I still remember when I saw my first $60 price tag on a game. My jaw almost hit the floor. Now $59.99 is just what you pay for the latest title. Throw in the collector’s edition ($69.99) or the recent Halo 3 Legendary edition ($125) or the recent Rockbank release ($169) and you see the trend in gaming today.
So how did we get here? Where does the money go? Like any other product there is a breakdown of how the cash is spread around. Take for example a 360 title that sells around 500,000 units. $20 is to pay for the actual development cost of the game. This is everything from coding, level design, QA, etc…Then of course there is publisher overhead which warrants $9 of the $60. Next Microsoft licensing and manufacturing takes $12 for license (You know the Xbox 360 branding and Xbox Live stamps at the top of every 360 title). $7 is spent on advertising of the game. All of the POS materials, TV, magazine ads etc… the money has to come from somewhere right? The final take is the actual retailers cut of $12. This is your Gamestops, Best Buys, etc…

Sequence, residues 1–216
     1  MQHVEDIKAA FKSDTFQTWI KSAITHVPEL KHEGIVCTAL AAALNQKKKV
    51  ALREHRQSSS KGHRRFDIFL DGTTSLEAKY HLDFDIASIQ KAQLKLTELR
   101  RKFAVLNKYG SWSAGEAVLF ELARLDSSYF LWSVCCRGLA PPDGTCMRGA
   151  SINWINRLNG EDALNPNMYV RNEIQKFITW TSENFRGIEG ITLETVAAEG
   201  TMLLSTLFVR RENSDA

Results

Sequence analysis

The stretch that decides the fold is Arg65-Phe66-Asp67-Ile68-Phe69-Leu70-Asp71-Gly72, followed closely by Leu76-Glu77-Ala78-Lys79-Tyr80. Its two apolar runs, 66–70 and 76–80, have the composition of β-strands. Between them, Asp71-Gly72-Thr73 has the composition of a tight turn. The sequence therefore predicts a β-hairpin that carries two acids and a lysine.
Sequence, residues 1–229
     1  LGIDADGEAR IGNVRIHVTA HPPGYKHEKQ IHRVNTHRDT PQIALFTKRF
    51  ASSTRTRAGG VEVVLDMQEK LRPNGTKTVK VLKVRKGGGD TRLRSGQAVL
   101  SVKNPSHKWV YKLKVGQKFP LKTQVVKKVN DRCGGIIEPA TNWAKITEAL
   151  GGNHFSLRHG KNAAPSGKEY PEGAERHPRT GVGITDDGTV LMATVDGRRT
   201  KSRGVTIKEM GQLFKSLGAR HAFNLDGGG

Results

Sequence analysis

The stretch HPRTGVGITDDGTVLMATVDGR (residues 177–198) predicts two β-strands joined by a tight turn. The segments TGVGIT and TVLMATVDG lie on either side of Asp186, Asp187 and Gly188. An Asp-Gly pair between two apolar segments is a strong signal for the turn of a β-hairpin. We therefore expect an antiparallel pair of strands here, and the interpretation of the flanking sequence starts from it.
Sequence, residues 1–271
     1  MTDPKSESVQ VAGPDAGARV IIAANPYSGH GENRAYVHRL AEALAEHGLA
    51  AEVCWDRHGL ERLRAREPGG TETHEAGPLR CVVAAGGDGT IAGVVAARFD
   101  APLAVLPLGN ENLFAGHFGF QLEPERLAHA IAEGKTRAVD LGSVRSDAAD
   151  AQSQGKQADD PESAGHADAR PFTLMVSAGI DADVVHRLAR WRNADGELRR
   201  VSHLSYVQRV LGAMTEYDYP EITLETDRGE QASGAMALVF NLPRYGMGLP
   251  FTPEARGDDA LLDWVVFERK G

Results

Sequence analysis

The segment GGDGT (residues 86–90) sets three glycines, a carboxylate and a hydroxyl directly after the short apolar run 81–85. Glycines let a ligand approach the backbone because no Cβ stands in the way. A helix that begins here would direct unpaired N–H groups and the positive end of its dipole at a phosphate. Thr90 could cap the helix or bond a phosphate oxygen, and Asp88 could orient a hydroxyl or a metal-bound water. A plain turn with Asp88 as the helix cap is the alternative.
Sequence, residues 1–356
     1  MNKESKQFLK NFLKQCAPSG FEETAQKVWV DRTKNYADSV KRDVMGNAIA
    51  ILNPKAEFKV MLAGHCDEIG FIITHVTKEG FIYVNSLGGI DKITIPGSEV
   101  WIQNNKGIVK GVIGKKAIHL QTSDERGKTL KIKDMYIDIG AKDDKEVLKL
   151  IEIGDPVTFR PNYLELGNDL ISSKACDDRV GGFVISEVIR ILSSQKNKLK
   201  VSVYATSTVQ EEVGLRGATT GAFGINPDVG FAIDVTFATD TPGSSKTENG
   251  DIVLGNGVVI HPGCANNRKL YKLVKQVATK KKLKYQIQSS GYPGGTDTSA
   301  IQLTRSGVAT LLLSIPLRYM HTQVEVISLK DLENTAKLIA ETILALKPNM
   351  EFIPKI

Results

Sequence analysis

Now throw in strategy guides and downloadable content and the life of a game is now extended as is the profitability of the title. Take for example the latest EA title Need for Speed Pro-Street. It is the best example of a console game that leverages in game play with actual cash based (Microsoft Points) based extras. Don’t want to wait to get your dreamcar in the game? It can be yours for 200 Microsoft points. Not happy with your engine or injection system? No worries upgrade for 150 Microsoft points. It is a great move by EA to add this extra option. This also results in additional revenue for the title.
It will be interesting to see the continual evolution of gaming. I foresee a time when most of the content will be downloaded and the introduction of subscription models moving forward. We will have to wait and see.